Cruel, maybe, but in his mind, all was fair when saving prepubescent airheads from needless acts of stupidity.
Todd let out a squeal of resistant laughter as Austin worked his fingertips faster under his arm. “Can’t just…let it go, Austin. Think there’s—hee! Quit doin’ that! There’s something wrong with its foot. Look, will you?” He bent and set the dog on the ground. As he reached for the animal’s back paw, it bared its teeth and then barked repeatedly—so fast that the noises almost melded into a single scream.
As though the potential danger of the situation had finally dawned on him, Todd let go and backed the hell up.
Austin was usually the one to act on a delay, but he was on the ball then and got between Todd and the wild dog. “Shoo!” He flapped his arms at it and stomped in warning.
The dog flinched and took off. It didn’t get far, though. Todd had been right about the back foot. The leg gave out beneath the beast three steps from where it’d started. It got up and tried again to run only to meet the same result.
The last thing Austin needed was an injured dog hanging around terrorizing them when he had a job to do. He’d taken a break from installing cattle fencing to give Todd lunch, and now that stinking mutt was probably going to set him back hours.
He didn’t like that. Didn’t like having his routines busted up when it took him so long to figure them out in the first place.
“See, Austin? Something’s wrong with it.”
“Yeah,” Austin said through clenched teeth. “I see.” Considering the limping beast that had only managed to cover a span of about ten yards, he lifted his Stetson and ran a hand through his sweaty hair. Common sense said nature was intelligent and should run its course as far as the animal went. Common sense had been hard for him to come by, so he never ignored it. He hadn’t been born knowing where to find it or how to use it. Special education had taught him that. “You’re a smart kid, Austin,” his mother had told him at eleven. “You’ve just got to learn how to learn with ADHD.”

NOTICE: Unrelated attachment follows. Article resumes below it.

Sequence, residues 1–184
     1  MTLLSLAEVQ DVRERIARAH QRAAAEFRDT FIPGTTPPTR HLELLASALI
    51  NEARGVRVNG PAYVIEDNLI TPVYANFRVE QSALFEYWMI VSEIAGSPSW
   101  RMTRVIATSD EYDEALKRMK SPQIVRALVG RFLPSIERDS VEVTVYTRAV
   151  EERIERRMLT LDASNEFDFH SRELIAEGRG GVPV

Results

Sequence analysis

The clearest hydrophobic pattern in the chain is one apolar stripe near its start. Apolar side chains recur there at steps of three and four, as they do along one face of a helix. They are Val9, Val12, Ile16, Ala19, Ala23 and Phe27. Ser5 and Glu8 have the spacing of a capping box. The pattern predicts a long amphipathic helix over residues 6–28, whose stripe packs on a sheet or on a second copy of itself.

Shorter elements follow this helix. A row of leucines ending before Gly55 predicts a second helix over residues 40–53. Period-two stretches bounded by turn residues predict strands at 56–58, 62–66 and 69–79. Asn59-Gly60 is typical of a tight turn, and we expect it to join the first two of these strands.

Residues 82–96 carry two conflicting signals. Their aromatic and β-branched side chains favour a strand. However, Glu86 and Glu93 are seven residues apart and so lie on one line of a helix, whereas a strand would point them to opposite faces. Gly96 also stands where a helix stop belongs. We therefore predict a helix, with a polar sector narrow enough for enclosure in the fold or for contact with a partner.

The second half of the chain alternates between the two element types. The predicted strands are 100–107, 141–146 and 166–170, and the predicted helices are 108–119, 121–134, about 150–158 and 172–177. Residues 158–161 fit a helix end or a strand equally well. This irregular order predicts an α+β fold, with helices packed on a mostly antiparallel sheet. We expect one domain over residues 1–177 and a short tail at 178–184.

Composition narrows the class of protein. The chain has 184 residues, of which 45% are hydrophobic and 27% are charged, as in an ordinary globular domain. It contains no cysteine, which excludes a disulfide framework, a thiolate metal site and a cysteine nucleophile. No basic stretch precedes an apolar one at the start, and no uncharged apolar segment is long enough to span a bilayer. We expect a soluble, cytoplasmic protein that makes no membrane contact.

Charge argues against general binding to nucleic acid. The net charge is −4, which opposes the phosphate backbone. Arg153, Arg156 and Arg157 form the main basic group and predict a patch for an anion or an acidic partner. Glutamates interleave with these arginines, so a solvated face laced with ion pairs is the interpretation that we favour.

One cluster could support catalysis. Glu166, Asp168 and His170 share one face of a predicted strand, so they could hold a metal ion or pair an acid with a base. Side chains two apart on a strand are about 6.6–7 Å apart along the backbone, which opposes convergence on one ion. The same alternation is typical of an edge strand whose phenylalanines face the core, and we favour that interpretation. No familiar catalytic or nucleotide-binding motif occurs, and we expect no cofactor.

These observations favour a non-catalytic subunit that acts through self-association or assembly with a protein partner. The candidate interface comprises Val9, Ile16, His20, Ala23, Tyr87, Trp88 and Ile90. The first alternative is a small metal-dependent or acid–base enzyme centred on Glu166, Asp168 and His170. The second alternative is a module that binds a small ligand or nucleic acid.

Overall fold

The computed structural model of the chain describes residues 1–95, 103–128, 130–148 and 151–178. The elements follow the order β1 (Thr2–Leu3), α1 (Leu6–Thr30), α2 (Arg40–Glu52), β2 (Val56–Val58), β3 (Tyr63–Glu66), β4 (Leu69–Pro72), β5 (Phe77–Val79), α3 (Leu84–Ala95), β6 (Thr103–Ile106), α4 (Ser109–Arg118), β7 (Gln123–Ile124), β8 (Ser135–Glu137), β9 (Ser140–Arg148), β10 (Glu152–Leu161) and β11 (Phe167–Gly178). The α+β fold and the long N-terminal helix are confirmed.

Took him two years to figure out what she’d meant by that. By that point, she’d had a second Stuart boy—one who was, by all accounts, perfectly neurotypical. He was the one with the right instincts, supposedly, and innately “knew better.”
She was so busy training Todd up to be the perfect spy that she didn’t notice sweet-faced Todd was a gifted fibber and operated on the “see nothing, snitch nothing” philosophy of sibling diplomacy. For whatever reason, he looked up to Austin. In turn, Austin just tried to do his best for him.
“Listen,” Austin told his brother. “Sometimes, you’ve just gotta let an animal be an animal.”
Giving the dog a doleful look, Todd asked, “What’s that mean?”
“That it probably didn’t want your help.”
“But look at it!”
“I’m looking,” Austin said with his teeth still clenched. “And I think you’re a dope.”
“Maybe I am, but at least I’m a nice one.” Todd huffed and shoved his hands into the pockets of his shorts.
“Yeah, you are. Too nice, maybe.” Austin had to concede that the dog was showing some real grit in trying to get away from them. It’d tried walking on three legs and favoring the injured one, but apparently both back feet were injured. It was more dragging itself along than walking.
“Where’d you find it?” Austin took a few tentative steps toward the animal. It had stopped to lick one of its back feet. “Pretty sure it didn’t just run up to you.”
“No-o-o,” Todd drawled, avoiding his brother’s glower.